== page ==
World ready to help with vaccines, but uptake readiness must improve

24Sep 2021
The Guardian
World ready to help with vaccines, but uptake readiness must improve

​​​​​​​ANY doubts remaining as to how far the world is prepared to push on with global vaccination to stem the worst of the Covid-19 pandemic, especially in Africa, Asia and South America, must have cleared.

This is on the basis of what is taking place in the United Nations General Assembly in New York.

US President Joe Biden has pledged something one billion or so doses for countries around the world, the vaccines produced in the US for use under the COVAX mechanism.

Observers said that this scale of donation was equivalent to donating three doses for use in other countries for each dose expected to be used in the US, which more or less covers entire needs for global vaccine outreach.

Tanzania has been taking up a new initiative – including introducing mobile vaccination units to boost a Covid-19 jabs uptake which has remained fairly low since the rollout began in late July.

According to the Health ministry, the move followed insufficient public response to appeals to go to vaccination centres scattered across the country.

This was somewhat surprising in that it suggested that scores of people are too busy to mind their health! Whatever the merits of that explanation, the government has been fighting to rectify matters.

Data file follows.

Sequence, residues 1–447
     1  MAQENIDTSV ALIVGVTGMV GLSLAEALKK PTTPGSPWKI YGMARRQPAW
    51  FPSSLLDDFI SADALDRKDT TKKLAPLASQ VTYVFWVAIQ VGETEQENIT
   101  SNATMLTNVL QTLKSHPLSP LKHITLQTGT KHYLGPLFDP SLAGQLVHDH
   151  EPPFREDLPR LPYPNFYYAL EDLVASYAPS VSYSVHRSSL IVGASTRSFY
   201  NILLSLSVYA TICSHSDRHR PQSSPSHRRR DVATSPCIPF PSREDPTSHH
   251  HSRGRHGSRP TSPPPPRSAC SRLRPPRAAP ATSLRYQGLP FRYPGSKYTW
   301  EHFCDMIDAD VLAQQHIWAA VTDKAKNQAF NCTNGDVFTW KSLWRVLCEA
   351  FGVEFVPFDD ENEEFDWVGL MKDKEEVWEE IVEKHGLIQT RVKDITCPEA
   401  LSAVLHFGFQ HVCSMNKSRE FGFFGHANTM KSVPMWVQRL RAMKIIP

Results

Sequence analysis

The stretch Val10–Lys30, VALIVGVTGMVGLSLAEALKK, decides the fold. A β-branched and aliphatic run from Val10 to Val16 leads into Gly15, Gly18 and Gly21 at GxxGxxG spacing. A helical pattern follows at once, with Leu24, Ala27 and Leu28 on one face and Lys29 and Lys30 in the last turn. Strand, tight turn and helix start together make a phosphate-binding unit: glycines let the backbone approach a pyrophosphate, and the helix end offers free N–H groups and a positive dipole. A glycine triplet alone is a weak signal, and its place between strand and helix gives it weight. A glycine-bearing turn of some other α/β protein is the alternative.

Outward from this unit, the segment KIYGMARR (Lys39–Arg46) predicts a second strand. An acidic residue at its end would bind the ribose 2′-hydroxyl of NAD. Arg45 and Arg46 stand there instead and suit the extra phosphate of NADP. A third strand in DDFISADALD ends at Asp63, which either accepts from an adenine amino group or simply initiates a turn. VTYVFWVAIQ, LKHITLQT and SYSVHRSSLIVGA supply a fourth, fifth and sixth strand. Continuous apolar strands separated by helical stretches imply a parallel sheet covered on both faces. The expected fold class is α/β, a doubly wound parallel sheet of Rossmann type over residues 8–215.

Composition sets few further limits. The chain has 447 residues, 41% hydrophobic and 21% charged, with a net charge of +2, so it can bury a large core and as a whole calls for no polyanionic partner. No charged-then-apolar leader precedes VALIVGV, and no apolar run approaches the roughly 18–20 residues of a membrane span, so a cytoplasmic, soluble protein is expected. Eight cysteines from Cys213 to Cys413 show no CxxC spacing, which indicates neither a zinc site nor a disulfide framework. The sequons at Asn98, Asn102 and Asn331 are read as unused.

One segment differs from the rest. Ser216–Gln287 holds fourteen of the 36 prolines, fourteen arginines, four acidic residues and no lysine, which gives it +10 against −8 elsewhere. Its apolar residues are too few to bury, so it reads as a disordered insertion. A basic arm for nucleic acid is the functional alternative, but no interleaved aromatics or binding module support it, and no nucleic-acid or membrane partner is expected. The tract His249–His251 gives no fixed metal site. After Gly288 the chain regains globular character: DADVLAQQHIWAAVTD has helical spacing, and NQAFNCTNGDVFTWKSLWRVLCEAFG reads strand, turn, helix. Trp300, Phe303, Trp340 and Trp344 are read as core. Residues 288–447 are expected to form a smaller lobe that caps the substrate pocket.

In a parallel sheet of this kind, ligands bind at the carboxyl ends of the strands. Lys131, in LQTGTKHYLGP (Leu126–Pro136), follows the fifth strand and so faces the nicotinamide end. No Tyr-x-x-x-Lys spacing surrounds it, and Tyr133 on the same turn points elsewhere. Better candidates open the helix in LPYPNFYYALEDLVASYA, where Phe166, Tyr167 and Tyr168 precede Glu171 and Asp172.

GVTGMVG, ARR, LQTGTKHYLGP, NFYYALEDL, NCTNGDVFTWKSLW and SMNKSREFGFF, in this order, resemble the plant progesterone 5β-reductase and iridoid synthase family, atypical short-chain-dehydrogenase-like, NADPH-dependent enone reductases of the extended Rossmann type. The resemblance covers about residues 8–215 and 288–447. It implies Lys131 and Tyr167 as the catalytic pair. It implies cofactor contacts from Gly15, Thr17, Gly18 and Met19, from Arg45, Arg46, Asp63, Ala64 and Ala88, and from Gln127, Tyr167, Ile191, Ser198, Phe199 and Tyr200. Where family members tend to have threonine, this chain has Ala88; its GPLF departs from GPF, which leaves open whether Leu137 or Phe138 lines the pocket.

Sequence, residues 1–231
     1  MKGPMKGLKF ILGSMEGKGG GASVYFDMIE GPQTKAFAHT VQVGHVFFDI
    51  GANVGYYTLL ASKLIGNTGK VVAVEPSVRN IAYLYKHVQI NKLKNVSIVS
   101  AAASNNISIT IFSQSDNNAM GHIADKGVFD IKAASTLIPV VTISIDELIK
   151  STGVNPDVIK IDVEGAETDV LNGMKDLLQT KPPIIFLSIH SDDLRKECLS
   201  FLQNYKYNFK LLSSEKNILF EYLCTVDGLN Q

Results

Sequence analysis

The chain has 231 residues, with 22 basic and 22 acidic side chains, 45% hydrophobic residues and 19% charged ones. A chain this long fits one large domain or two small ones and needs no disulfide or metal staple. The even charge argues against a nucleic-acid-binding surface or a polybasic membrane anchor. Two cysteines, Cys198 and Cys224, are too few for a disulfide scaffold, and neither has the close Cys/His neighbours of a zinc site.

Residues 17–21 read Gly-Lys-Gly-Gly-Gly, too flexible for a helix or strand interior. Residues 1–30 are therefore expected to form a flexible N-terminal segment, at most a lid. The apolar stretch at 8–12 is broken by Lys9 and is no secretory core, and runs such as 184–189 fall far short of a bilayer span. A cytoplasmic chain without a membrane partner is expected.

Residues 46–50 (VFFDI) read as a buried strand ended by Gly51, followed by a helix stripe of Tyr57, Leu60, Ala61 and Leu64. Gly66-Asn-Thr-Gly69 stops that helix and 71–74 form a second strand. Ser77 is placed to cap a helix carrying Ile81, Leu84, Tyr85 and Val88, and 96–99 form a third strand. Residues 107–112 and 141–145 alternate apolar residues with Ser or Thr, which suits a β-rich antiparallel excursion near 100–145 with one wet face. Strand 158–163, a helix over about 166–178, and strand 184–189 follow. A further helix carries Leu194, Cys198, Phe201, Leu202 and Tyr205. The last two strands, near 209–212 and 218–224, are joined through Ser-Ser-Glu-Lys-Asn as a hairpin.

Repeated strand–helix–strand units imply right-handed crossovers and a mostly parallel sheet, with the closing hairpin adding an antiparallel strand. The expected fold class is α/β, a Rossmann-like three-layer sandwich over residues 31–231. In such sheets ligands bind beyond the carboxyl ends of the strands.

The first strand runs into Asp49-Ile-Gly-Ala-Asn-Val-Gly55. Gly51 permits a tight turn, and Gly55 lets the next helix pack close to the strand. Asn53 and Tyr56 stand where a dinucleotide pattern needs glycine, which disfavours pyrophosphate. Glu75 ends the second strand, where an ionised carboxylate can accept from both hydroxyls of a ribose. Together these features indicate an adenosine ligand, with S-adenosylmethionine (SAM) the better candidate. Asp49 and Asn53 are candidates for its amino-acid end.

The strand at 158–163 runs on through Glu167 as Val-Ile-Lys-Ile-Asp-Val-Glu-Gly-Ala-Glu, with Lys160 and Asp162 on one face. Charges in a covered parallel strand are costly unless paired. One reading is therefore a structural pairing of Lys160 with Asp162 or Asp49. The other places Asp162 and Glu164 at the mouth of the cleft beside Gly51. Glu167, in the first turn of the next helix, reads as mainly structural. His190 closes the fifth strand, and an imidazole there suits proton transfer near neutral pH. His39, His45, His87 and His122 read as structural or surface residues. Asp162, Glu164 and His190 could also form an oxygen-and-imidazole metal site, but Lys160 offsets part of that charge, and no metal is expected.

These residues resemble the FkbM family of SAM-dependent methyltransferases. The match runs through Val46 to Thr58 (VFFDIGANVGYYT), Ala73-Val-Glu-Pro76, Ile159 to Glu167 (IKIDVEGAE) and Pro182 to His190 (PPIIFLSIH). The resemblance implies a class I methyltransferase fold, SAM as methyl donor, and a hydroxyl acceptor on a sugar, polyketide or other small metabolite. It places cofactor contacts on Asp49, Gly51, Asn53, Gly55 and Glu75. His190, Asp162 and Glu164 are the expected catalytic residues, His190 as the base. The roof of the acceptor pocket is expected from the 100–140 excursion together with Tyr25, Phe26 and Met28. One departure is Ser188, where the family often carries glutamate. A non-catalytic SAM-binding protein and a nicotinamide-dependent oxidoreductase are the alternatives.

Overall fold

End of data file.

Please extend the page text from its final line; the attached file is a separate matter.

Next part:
It is surprising that initially there were 550 vaccination centres put up rather rapidly when President Samia Suluhu Hassan flagged off the rollout, the number then rising to at least 1,500 countrywide.

Hospital staff at those centres are far from busy, given the low response levels, as if people were waiting to see if there will be deaths close enough to themselves before going for the jab.

African countries, where vaccine hesitancy is well above levels in developed countries, will still need the vaccine as infection breakout trends are high even in countries with widespread vaccination.

No one wishes that the spate of infections goes up here or in neighbouring countries. However, with the low take-up largely due to faulty reasoning that Covid-19 is for so and so rather than for ‘me’, infections will spread. It can’t be otherwise.

That is why making vaccination much more accessible, with vans moving around and being close to villages or outlying areas even with a day’s is sure to help. When word goes out, at times with loudspeakers blaring it all over, people will think harder and longer as to whether they do or don’t need the jab. It may just work; reminders can push uptake.

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